After finding success with Chiltern Railways, Masabi turned its attention to building a mobile ticketing system for the U.K.’s national railroad system. Before too long, the company would expand beyond its native country, launching its first international offering just five years after entering the mobile ticketing and payments space.

“In 2012, we moved beyond the U.K. with a platform called JustRide, which is a cloud-based collection of railways, and we launched in Boston with the city’s commuter rail service,” Donovan said. “From there, we’ve moved to a number of different agencies, not just in the United States but around the globe.”

Something for everyone

Today Masabi works to serve a range of organizations of varying size and scope by providing an end-to-end solution covering the entire ticketing experience — including purchasing, inspection and enforcement.

“I think it’s the company’s ability to work at scale and its flexibility that’s allowed us to offer the platform to everyone — from agencies the size of the MTA in New York or the MTBA in Boston to much smaller local and regional transit authorities — in an efficient [way],” Donovan explained. “That’s really the benefit our solution and our platform offers. The architecture of our offering allows us to deploy very quickly and to a diverse group of customers.”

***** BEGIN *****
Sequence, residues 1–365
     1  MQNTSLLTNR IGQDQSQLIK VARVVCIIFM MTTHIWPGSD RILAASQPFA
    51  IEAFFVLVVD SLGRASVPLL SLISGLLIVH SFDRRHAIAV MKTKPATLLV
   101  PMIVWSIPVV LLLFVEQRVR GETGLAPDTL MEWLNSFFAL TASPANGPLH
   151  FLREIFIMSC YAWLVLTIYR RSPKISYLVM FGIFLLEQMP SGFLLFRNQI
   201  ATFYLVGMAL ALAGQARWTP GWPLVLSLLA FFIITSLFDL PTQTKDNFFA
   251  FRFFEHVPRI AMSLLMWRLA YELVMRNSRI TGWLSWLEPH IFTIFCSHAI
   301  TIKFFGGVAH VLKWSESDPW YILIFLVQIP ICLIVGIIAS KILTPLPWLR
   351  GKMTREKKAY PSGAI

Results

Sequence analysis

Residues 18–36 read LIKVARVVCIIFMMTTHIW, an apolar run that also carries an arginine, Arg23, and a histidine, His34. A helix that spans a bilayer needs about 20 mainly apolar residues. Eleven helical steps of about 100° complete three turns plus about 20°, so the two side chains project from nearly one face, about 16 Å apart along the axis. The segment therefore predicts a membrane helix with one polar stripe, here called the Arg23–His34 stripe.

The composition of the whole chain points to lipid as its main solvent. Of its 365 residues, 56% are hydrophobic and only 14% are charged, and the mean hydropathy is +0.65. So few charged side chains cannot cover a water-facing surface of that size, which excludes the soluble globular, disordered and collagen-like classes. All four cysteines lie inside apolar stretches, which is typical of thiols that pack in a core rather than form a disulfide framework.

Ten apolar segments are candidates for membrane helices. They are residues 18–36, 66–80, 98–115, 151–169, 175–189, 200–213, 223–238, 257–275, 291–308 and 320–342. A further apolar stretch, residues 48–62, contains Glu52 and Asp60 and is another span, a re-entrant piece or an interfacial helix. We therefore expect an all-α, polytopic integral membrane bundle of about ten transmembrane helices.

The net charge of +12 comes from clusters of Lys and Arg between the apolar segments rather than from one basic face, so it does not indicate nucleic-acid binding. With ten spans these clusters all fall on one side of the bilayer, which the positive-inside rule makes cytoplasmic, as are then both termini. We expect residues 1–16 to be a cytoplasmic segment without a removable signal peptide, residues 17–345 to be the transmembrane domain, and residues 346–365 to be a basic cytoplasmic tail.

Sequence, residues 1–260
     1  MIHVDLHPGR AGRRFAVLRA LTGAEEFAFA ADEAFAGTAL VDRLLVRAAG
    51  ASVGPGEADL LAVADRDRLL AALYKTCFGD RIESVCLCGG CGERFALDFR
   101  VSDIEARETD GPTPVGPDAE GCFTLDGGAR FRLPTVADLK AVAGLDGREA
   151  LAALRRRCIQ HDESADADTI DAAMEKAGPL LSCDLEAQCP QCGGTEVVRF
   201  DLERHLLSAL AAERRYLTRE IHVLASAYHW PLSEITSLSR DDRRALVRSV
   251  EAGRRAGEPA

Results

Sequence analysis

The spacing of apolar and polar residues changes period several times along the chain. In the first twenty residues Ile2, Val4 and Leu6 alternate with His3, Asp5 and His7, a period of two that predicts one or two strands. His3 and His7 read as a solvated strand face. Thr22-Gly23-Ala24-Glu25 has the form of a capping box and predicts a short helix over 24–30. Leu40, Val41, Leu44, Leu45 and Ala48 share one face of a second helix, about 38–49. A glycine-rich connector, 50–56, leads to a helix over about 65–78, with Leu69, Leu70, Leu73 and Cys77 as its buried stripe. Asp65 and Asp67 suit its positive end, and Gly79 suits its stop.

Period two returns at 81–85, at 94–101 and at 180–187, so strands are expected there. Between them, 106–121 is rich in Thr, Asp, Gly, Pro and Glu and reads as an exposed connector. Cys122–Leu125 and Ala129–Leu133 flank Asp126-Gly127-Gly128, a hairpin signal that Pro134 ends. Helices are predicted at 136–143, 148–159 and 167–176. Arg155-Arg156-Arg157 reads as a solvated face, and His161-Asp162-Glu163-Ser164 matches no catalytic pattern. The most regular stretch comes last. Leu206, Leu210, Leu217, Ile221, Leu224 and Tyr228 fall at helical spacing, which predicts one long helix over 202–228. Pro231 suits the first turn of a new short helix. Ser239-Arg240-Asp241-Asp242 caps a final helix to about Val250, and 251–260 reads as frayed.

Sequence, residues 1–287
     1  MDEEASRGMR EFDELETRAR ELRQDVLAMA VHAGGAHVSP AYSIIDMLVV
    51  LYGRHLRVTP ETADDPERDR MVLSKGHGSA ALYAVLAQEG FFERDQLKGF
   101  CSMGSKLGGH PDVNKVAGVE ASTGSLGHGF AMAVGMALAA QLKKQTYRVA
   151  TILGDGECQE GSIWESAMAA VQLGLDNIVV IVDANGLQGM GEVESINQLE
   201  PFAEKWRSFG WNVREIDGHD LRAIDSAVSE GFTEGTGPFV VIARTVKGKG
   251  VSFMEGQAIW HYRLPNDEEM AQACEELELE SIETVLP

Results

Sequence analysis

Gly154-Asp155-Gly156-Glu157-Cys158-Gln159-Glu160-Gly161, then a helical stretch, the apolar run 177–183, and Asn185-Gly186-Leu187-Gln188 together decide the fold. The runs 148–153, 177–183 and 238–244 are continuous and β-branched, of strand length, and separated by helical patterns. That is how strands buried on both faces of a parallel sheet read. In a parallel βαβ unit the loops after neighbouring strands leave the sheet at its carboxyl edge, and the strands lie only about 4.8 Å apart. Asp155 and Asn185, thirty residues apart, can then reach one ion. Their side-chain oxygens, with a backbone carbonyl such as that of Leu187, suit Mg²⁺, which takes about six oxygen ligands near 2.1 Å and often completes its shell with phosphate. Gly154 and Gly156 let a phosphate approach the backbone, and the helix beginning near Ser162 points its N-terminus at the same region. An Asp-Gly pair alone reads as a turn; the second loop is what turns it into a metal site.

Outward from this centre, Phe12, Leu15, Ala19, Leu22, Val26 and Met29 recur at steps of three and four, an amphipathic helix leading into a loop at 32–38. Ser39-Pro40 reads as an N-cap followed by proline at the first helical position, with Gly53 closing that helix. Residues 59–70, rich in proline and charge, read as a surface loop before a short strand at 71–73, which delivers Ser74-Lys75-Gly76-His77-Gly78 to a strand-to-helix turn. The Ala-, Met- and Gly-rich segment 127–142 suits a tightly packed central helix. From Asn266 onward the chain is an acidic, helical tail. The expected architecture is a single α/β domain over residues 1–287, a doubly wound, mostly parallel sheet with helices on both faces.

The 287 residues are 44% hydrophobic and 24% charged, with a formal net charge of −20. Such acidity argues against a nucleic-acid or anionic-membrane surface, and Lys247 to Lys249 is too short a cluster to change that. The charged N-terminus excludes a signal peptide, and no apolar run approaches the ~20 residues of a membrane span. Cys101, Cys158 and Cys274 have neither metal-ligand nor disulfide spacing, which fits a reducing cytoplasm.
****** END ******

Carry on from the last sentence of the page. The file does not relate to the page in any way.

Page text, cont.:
Masabi’s white-label offering includes a consumer-facing app allowing riders to view different ticketing and scheduling options and make purchases via a standard credit card, debit card or eCheck. It also provides an inspector app for handheld mobile devices, giving transit employees the ability to check tickets and enforce punishment or fines for consumers riding without proper credentials.

In addition, Masabi’s solution includes a hub for transit authority administrators, enabling agency employees to manage prices and taxes, monitor ticket sales data, compile revenue and usage reports and analyze operational trends and incidents.